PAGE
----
The War Powers Act and Obama’s Unprecedented War Power Claims — Videos

Posted on September 20, 2013. Filed under: Blogroll, College, Communications, Constitution, Crime, Diasters, Economics, Education, Employment, Federal Government, Federal Government Budget, Fiscal Policy, Foreign Policy, government spending, History of Economic Thought, Language, Law, liberty, Life, Links, media, People, Philosophy, Photos, Politics, Psychology, Rants, Raves, Security, Video, War, Wealth, Weapons, Wisdom | Tags: , , , , , |

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Richland Celebrates Constitution Day

By Raymond Thomas Pronk


United States Constitution   Credit:

Richland students celebrated Constitution day Sept. 17 by learning how the United States goes to war.

Dr. Edward J. Harpham, associate provost and professor of political science at the University of Texas at Dallas, presented a lecture and answered questions on how the Constitution and Wars Powers Resolution of 1973 applies to the possible use of military force in Syria. Harplam earned his masters and doctorate degrees in political science from Cornell University.

President Barack Obama initially sought a Congressional resolution authorizing military operations against the Assad regime in Syria for using chemical weapons against his people. The Assad regime had crossed the red line set by Obama in a press conference on Aug. 20, 2012.

However, Obama in his Sept. 10 televised address to the nation on Syria asked congressional leaders to postpone a vote on a resolution authorizing the use of force. Obama wanted time for Secretary of State John Kerry to pursue a diplomatic initiative proposed by Russia and agreed to by Syria that could lead to the eventual destruction of chemical weapons controlled by the Syrian military.

In the absence of an emergency, where Congress has no time to react, Obama does not have the legal authority under the Constitution, the War Powers Resolutions or a United Nation’s Security Council resolution funded by Congress, to unilaterally attack Syria.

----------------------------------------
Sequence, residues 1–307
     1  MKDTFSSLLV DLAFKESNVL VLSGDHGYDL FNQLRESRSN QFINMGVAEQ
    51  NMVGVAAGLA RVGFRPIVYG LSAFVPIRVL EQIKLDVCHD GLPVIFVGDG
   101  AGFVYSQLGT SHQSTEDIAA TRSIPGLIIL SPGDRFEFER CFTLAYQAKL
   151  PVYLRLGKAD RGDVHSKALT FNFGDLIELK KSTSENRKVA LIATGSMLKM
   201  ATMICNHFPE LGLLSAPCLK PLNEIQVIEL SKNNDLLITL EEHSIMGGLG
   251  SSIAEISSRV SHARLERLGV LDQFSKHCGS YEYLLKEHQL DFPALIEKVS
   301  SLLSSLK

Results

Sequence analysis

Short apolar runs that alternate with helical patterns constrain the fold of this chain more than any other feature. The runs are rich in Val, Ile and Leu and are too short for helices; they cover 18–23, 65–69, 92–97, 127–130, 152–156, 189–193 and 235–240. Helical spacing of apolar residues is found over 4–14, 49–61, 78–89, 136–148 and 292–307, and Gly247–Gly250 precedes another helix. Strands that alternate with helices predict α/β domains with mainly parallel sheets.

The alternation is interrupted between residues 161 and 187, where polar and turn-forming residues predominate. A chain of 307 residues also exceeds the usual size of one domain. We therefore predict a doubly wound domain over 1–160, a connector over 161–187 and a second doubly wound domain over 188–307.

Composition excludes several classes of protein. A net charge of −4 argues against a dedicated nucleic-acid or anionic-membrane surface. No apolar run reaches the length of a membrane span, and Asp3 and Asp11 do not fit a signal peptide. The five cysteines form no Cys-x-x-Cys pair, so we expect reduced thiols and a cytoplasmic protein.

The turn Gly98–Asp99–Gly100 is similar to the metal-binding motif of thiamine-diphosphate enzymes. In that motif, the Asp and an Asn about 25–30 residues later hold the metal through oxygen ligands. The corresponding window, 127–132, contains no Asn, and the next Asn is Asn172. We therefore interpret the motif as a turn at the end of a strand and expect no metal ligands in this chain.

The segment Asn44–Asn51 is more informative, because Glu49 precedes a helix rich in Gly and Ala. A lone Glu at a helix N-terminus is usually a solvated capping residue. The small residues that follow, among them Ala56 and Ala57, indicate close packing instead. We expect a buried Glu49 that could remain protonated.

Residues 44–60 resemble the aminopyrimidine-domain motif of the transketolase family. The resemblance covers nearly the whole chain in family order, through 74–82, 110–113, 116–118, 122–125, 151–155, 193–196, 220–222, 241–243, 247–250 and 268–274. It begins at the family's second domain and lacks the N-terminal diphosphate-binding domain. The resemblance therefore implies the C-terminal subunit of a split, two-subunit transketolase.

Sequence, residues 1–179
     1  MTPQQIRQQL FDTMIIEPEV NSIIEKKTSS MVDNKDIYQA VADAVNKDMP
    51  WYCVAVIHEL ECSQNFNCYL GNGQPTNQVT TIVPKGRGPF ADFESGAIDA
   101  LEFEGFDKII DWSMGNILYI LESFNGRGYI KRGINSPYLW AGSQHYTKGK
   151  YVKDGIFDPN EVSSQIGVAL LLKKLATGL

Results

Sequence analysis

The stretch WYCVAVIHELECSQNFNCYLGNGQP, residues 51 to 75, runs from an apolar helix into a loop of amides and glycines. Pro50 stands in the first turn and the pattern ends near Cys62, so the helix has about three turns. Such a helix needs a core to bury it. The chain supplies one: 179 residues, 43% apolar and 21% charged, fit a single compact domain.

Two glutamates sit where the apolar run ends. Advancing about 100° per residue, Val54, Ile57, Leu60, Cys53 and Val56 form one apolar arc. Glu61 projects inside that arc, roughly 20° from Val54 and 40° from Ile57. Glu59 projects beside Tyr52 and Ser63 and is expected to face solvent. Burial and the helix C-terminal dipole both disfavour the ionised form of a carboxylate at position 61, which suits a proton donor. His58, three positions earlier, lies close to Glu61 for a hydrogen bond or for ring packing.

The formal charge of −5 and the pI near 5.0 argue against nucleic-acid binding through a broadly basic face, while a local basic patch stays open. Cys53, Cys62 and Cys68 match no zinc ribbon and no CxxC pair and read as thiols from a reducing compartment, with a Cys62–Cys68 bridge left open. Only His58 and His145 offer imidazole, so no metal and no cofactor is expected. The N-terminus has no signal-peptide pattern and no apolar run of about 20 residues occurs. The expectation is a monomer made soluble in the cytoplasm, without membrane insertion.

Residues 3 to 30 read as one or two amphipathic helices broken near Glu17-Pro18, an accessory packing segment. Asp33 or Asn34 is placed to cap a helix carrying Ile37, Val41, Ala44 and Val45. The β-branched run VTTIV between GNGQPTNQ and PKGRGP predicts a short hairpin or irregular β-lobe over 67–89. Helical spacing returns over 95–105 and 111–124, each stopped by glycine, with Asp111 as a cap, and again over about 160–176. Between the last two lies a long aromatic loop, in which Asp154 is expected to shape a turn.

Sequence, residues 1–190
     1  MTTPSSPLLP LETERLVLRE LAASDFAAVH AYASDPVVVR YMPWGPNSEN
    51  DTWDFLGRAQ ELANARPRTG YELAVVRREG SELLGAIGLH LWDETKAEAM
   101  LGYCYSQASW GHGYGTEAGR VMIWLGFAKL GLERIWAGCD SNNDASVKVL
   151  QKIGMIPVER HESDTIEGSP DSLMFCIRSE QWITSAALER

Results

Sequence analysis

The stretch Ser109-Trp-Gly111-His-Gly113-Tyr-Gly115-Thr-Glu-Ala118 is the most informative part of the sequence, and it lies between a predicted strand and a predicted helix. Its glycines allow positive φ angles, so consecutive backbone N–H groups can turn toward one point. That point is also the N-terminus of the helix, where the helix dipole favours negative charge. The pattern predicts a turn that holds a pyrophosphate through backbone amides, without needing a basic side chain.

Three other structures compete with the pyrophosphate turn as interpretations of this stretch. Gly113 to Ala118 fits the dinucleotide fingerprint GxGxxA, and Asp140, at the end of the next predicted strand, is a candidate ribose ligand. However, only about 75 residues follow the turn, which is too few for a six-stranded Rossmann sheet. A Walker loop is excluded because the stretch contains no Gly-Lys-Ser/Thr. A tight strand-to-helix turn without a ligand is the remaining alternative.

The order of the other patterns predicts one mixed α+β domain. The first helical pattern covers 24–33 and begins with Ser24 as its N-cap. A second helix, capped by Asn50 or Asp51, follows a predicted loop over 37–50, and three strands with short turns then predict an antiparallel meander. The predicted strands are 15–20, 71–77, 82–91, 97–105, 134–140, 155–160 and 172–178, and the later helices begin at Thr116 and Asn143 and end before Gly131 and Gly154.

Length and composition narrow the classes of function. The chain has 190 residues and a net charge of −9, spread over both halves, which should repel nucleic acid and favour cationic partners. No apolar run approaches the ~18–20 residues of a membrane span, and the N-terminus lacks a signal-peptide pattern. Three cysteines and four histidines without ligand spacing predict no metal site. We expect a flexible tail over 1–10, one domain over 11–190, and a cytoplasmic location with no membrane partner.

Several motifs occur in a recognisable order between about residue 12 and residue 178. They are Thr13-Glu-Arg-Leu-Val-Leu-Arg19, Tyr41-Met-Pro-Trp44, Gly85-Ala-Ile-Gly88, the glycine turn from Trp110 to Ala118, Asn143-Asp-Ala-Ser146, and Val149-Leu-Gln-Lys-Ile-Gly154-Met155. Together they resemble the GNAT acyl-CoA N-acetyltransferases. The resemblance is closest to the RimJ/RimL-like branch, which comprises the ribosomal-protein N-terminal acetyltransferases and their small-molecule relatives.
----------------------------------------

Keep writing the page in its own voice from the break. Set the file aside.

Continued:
In a future military crisis a problem might arise if Congress votes down a presidential request for military action and the president ignores Congress and proceeds with military operations anyway.

Harpham concisely summarized the history of the authorities used by U.S. presidents to go to war and possible solutions to the shortcomings of the War Powers Resolution process.

Article 1, Section 8, Clause 11 of the Constitution gives Congress the power to declare war. Congress has exercised this power only five times: for the War of 1812 upon the United Kingdom, the Mexican-American War, the Spanish-American War, World War I upon Germany and Austria-Hungary and World War II upon Japan, Germany, Italy, Bulgaria, Hungary and Romania.

However, the United States has used military force many  times without Congress declaring war. Instead, Congress passes resolutions authorizing the use of military force. This was done for the Lebanon crisis of 1958, the Vietnam War, Multinational Force in Lebanon in 1983, the Gulf War in 1991, the 2001 war in Afghanistan and the Iraq War.

Congress has also authorized funds for extended military operations for United Nations Security Council Resolutions such as the Korean War, the Multinational Force in Lebanon in 1978, the Gulf War, the Bosnian War in 1992 and the intervention in Libya in 2011.

On more than 100 occasions presidents acting in their capacity as commander in chief have authorized the deployment of troops and the use of military force without a congressional declaration of war or a resolution authorizing military force.

After the withdrawal of American troops from Vietnam in 1973, Congress wanted to limit the power of the president to deploy troops for extended periods of time without a congressional declaration of war or resolution.

In 1973 Congress passed the War Powers Resolution of 1973, a joint resolution over the veto of President Richard M. Nixon.  When Congress has not declared war or authorized  the use of military force, the law requires the president to notify Congress within 48 hours of committing armed forces to military action. It also prohibits armed forces for remaining more than 60 days but allows an additional 30 days as a withdrawal period.

Harpham offered several possible solutions to the War Powers Resolution process, including revoking the law and replacing it with a new law or preferably a constitutional amendment that would address the president’s use of force where a military emergency, Congressional declaration of war, resolution or funding has not been authorized.

Harpham’s presentation will be posted on the Richland Chronicle Television archives for those who missed the lecture (

Raymond Thomas Pronk presents the Pronk Pops Show on KDUX web radio from 4-5 p.m. Monday thru Thursday and from 3-5 p.m. Friday and authors the companion blog You can listen to an interview with Harpham on the Pronk Pops Show 131, Sept. 17, by going to

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